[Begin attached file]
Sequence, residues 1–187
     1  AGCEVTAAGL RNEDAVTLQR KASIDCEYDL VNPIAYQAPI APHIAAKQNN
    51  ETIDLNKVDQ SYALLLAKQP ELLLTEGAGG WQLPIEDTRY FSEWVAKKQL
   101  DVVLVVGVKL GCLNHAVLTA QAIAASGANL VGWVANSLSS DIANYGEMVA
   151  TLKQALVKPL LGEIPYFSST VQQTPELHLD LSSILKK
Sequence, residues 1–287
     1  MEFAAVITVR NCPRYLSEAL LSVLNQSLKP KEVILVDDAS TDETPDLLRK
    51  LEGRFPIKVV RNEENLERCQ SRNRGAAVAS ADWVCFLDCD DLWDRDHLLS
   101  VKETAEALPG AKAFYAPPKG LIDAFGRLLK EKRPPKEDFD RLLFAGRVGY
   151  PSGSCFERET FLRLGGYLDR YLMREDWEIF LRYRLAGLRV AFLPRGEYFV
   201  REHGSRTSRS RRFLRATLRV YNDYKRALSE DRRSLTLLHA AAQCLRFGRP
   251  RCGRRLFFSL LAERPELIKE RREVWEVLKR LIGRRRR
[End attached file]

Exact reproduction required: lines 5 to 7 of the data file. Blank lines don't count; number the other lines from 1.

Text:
   151  TLKQALVKPL LGEIPYFSST VQQTPELHLD LSSILKK
Sequence, residues 1–287
     1  MEFAAVITVR NCPRYLSEAL LSVLNQSLKP KEVILVDDAS TDETPDLLRK